Eddie sat down first. He had his legs straight out and his elbows down. He lowered the rest of his body and felt the moisture from the grass through the back of his shirt. A box of cigarettes was passed around. I didn’t take one. Voices approached and we couldn’t tell who it was until they reached the atmosphere of light our collected phone screens produced. We opened our circle for the newcomers and let our phones dim. Stars started to reveal themselves. I was struck by how big the sky was.
Someone kept saying it was nice. Eddie shivered. I thought we were thinking of the same thing. Then George came out of nowhere and pulled Eddie’s hood down over his head and the two boys started running after each other. All I could see of them were their white sneakers. The girls called after them to be careful.
It was cool enough that there weren’t any bugs. Almost September. George came back and Eddie followed. For a while we listened to their breaths, then George played music from his phone. He put on a song I didn’t like, then he put on a song I liked. The cigarette box went around again.
No one thought to bring a blanket. We found a slope of grass facing the tower. It was windy. Sand rose with each gust and eventually we stopped rushing to cover the cheese and prosciutto.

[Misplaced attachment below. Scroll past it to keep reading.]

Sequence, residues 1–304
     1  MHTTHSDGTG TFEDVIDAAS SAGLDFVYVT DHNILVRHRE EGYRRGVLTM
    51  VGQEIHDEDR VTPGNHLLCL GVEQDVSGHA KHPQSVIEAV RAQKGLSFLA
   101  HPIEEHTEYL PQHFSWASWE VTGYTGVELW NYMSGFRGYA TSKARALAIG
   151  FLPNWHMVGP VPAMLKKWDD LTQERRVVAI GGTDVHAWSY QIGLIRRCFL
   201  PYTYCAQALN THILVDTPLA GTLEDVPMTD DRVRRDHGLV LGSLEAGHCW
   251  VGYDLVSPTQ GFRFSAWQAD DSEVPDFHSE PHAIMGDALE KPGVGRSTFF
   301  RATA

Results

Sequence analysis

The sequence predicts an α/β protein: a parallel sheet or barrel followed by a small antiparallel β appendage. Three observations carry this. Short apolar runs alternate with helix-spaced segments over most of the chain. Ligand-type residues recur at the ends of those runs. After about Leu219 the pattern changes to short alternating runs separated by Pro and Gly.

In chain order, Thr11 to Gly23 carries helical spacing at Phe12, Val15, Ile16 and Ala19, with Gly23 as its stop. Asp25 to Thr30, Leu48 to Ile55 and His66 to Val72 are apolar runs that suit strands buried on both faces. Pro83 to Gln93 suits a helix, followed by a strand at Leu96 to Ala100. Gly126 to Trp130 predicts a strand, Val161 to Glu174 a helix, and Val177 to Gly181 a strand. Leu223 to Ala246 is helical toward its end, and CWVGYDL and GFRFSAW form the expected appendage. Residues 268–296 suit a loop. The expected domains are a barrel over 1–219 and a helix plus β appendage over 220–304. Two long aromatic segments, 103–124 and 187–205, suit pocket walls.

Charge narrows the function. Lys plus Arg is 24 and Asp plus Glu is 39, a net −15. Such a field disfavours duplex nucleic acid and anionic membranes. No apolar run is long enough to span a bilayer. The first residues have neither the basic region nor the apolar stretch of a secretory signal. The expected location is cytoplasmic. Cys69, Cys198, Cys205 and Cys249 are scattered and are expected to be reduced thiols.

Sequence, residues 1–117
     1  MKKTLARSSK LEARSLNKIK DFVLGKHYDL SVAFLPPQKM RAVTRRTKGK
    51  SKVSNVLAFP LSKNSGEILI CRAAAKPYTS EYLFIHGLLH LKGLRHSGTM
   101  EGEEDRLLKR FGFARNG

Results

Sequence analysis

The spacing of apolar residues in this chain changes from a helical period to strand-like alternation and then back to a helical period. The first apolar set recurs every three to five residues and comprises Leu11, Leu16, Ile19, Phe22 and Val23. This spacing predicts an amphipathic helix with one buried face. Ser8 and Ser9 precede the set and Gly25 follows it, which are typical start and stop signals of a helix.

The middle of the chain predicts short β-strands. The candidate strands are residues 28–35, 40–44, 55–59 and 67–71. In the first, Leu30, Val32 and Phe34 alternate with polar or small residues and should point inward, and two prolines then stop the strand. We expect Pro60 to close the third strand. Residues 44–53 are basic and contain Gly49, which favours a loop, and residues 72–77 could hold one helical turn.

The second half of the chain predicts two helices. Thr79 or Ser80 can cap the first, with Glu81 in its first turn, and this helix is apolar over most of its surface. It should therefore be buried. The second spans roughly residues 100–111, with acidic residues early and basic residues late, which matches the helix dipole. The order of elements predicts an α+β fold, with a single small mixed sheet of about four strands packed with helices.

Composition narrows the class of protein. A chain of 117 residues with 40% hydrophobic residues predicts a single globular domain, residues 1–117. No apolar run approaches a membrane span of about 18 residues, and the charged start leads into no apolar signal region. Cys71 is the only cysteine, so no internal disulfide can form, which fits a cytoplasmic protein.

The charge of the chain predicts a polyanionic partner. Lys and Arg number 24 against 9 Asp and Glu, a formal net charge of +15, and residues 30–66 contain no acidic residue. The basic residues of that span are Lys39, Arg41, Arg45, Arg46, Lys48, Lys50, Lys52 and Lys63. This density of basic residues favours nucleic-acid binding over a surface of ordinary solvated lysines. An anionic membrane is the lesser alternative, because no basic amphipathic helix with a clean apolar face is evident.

We drank red wine from the plastic cups I picked up at a corner store. My friend played soccer with some little boys. I sent him a photo.
Everyone counted down in unison. The night filled with flashes.
Dead body. I pointed to the man on the blue tarp. Red from sunbathing. I kicked off my sandals and crossed my legs. Water trickled from a sideways bottle and soaked through a corner of my tote bag. My friend returned the book I lent him. I felt sorry for a second. He sat down next to me. We looked down at the baseball diamond. The tree he picked was big enough to shade us all. It was a tough hill to climb.
People stopped to let us pet their dogs. The red man never moved. I went home with six new mosquito bites. Gifts to remember the day by, my friend said. I said oh my god.
Lily Wang writes from Toronto. She is the author of the chapbooks Everyone in Your Dream is You (Anstruther Press, 2018) and Oh(!) (Dancing Girl Press, 2019). Her work has appeared/is set to appear in: Peach Mag, Cosmonauts Avenue, Bad Nudes, and more. She is the editor of Half a Grapefruit Magazine.